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Marine Institute in Galway cuts waste by 95 per cent


From this week's Galway City Tribune

From this week's Galway City Tribune

Marine Institute in Galway cuts waste by 95 per cent Marine Institute in Galway cuts waste by 95 per cent

The Marine Institute managed to dramatically cut its waste across all areas in the last two years by completely changing the way it did business.

In a remarkable turnaround for the national facility based in Maree outside Oranmore which could set a new standard for other labs, scientists were able to reduce the waste it sent to landfill or incineration by a phenomenal 95%, going from 4,000kg to 130kg. They cut single-use plastics by 69%.

The institute also reduced hazardous chemical waste by 23%, printing by 81%, and fume hood and cold storage equipment energy consumption by 30%.

Research chemist Jane Kilcoyne said the savings were achieved through procedural and behavioural at the institution, which runs Ireland’s national monitoring programme for toxins in shellfish. The facility gets just over 3,000 samples per year that need to be tested for regulated toxins and staff complete more than 5,000 tests per year. Scientists also carry out a lot of research on biotoxins.

“Team members across multiple divisions were engaged in the process and it was a great team-building exercise,” she told the Galway City Tribune.

The majority of the waste has been diverted from landfill or incineration through recycling and composting.

Polystyrene boxes in which shellfish samples were shipped from all over Ireland to the Institute are now cleaned and stored until onsite compacting to remove the air is carried out by a company specialising in polystyrene recycling.

“All our non-toxic shellfish waste is now sent for composting. Shellfish waste makes a great fertiliser for organic farming,” she explained.

Laboratory single-use plastics reduction was achieved by transitioning to compostable paperboard and glass alternatives.

Hazardous chemical waste was cut by 23% by simply extending expiry dates on chemical solutions and only ordering and preparing what was required.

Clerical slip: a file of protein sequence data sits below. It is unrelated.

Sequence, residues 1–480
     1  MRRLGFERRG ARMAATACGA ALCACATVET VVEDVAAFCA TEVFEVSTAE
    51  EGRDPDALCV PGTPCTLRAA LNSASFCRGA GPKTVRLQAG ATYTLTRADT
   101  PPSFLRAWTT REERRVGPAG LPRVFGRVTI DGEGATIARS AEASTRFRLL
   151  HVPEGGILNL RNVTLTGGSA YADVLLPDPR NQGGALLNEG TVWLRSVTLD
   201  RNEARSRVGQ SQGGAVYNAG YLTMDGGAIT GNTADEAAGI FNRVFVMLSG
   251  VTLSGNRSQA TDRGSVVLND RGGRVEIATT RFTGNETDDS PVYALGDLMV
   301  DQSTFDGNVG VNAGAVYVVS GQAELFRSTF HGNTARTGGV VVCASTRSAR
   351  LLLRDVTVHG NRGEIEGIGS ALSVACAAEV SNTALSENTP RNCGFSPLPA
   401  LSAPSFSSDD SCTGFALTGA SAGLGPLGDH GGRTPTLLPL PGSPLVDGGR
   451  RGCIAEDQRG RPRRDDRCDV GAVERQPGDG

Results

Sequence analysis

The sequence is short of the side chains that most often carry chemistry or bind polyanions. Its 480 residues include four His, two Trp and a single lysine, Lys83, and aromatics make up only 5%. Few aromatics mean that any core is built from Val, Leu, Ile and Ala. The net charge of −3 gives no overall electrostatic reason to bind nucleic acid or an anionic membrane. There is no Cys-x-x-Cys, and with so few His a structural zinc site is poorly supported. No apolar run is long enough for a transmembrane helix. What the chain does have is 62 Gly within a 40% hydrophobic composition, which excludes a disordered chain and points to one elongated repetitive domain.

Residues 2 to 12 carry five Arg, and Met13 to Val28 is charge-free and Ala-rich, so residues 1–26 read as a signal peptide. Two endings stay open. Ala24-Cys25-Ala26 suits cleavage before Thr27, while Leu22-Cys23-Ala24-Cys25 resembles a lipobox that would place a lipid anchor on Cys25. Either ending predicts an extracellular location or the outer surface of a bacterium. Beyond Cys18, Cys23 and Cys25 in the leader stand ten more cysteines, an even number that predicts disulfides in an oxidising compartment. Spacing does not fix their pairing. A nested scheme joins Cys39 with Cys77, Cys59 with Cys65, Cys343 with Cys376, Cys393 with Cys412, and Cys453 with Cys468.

Analytical data that had previously been printed is now stored digitally and so far has led to a reduction in printing of 81%.

The 30% reduction in energy consumption was achieved by installing filtration systems in the fume hoods, enabling them to be powered down when not in use and by taking 11 freezers out of use.

“Other more sustainable behavioural changes include pulling down fume hood sashes and powering down laboratory equipment after use.”

Maintaining the changes has been very straightforward, the scientist insisted.

“As well as being more sustainable we were able to increase efficiencies, save money, and the changes adopted in our procedures and behaviours are now embedded in the laboratory.”

“Reducing resource and energy consumption is critical for environmental protection.

“We were able to adopt simple, effective, and cost-reducing transitions in our laboratory that has led to reductions in single-use plastics, waste, and energy, without compromising scientific standards.

“A key component of the success achieved to date has been through staff engagement and behavioural changes. In addition to environmental protection and financial savings, these strategies promote environmental awareness, innovation, and greater staff engagement.”

This article first appeared in the print edition of the Galway City Tribune, September 2. You can support our journalism by subscribing to the Galway City Tribune HERE. The print edition is in shops every Friday.

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